Every year, India generates an estimated 62 million tons of waste. Of that amount, between 75 and 80 per cent is collected by municipal authorities. Worse, of the amount collected, only about 22 to 28 per cent is processed and treated. And that is today. By the year 2050, world waste production is expected to touch approximately 27 billion tons per year. One third of that amount will be generated by China and India collectively.
Waste management forms an inseparable part of sustainable development. Increasing levels of improper and unsafe disposal and treatments-say through incineration or in landfills, or via discharge into water bodies-pose dangerous aftermath consequences for the environment. And although methods of waste management continue to develop in India, the country’s economy still loses a significant amount of potential raw material due to the vast amount of waste left untreated in India.
In the interest of solving this issue, the International Finance Corporation, in collaboration with the European Union, has designed techniques for wastewater and solid waste management that can be applied to a wide range of sectors. As a part of the Eco-Cities India Program, the application of such techniques also tackles the challenges of planning and implementation by enabling partnerships with the public and private sector. Through these associations, strategic solutions that bring the required capital, expertise, and technology do develop a comprehensive waste management infrastructure are being deliberated. The support is also in terms of grants, loans, and technical assistance.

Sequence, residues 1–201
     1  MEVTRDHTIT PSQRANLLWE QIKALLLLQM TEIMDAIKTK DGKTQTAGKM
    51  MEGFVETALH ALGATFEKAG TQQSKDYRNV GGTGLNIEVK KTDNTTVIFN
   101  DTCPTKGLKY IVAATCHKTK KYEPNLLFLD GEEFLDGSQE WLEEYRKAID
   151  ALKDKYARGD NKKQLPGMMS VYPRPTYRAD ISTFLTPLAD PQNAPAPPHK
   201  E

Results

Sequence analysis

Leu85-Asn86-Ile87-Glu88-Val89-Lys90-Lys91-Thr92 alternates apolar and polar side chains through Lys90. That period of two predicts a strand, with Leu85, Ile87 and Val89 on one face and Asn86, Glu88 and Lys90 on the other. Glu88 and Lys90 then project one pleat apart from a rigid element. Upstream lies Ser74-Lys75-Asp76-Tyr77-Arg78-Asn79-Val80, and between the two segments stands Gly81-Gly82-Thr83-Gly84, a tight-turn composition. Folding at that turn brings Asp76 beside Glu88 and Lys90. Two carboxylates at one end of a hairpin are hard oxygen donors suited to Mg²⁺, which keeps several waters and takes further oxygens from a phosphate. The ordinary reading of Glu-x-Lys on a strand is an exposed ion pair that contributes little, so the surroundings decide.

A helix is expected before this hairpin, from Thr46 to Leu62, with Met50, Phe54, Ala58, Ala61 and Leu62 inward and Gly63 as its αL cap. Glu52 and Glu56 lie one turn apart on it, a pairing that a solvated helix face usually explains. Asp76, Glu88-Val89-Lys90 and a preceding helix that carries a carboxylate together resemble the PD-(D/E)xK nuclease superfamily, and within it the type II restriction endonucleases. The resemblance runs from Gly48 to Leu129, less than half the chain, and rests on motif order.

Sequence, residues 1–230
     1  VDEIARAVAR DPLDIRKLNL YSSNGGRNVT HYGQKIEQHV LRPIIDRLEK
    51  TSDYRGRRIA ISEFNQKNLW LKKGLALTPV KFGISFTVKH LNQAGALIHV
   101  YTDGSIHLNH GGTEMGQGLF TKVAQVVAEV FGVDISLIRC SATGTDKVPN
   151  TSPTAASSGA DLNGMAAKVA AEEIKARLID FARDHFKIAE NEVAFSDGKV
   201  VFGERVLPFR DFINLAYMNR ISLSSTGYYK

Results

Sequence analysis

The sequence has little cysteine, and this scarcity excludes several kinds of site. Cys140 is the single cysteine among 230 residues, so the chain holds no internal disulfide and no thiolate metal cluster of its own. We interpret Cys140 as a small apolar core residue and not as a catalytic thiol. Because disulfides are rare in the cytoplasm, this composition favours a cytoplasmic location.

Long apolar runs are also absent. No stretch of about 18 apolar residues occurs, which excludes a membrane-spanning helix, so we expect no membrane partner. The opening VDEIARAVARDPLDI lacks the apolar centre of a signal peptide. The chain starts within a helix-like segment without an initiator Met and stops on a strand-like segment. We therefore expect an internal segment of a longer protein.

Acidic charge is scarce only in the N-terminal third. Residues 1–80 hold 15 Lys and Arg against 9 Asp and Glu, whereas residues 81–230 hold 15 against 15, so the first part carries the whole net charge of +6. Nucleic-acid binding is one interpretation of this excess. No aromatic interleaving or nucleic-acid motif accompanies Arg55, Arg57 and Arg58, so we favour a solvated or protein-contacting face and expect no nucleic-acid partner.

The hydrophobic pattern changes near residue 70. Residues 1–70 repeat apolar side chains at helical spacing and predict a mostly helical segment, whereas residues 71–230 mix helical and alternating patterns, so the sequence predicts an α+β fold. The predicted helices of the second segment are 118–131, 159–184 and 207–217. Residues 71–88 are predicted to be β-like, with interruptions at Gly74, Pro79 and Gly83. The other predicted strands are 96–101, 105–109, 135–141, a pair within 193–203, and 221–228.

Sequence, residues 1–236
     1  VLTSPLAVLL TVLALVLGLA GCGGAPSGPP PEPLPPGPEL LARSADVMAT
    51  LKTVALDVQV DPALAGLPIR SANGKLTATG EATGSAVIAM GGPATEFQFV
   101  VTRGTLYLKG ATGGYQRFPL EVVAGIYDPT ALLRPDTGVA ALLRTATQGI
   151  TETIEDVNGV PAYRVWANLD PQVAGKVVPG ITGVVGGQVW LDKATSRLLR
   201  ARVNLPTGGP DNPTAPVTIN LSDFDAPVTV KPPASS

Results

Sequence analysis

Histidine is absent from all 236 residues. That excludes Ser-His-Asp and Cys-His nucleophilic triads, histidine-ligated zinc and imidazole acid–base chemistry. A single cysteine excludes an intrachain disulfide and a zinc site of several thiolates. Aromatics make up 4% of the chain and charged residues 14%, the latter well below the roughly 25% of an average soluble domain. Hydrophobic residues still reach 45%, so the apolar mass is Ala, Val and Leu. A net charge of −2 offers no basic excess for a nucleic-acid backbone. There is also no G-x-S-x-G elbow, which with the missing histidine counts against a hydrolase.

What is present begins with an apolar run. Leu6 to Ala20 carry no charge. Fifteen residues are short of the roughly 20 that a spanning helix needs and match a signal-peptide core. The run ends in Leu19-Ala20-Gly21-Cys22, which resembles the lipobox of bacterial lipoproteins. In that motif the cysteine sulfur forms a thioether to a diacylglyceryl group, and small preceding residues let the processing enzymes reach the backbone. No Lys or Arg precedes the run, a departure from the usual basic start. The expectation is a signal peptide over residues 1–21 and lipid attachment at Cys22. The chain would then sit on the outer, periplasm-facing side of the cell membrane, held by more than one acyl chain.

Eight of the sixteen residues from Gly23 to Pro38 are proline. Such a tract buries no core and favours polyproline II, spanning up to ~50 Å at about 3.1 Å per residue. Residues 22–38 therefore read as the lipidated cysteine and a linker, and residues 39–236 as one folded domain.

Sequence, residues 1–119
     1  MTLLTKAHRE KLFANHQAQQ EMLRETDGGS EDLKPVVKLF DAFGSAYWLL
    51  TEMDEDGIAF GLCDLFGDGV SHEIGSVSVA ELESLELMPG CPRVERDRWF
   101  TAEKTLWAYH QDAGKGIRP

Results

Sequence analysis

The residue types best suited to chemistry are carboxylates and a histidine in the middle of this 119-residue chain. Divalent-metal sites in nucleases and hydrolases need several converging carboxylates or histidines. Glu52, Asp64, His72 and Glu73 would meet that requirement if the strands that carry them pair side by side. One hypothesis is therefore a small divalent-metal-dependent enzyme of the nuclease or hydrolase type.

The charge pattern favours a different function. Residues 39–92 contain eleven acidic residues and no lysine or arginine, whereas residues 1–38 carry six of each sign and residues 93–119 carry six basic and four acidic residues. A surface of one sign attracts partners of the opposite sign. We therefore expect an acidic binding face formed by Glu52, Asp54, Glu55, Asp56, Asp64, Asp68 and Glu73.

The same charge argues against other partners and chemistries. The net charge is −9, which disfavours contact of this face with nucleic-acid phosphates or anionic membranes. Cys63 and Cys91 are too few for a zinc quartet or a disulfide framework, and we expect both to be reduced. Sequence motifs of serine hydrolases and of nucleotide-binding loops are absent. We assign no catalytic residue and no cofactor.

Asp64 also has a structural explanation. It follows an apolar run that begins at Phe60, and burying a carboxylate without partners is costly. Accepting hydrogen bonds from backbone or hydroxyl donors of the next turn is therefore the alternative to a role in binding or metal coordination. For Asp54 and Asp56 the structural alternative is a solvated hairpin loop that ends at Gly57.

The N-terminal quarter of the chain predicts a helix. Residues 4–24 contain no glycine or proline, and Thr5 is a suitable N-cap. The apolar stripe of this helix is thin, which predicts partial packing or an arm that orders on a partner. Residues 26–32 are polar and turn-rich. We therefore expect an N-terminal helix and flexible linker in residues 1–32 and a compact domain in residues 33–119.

The sector has also focused on practical steps towards waste management-for instance, the generation of energy from waste, reclamations of dumpsites to create land value, e-waste management, recycling and reuse of wastewater, and support to water utilities in terms of energy efficient technologies.
To achieve the goal of efficient waste management, the IFC has collaborated with city and state governments in the cities selected for this project, to deliberate policy actions and techniques. To develop a working model for effective e-waste management, the IFC has worked with the Bhubaneswar Municipal Corporation and Orissa State Pollution Control Board (as well as many other stakeholders) through various workshops, events and deliberations.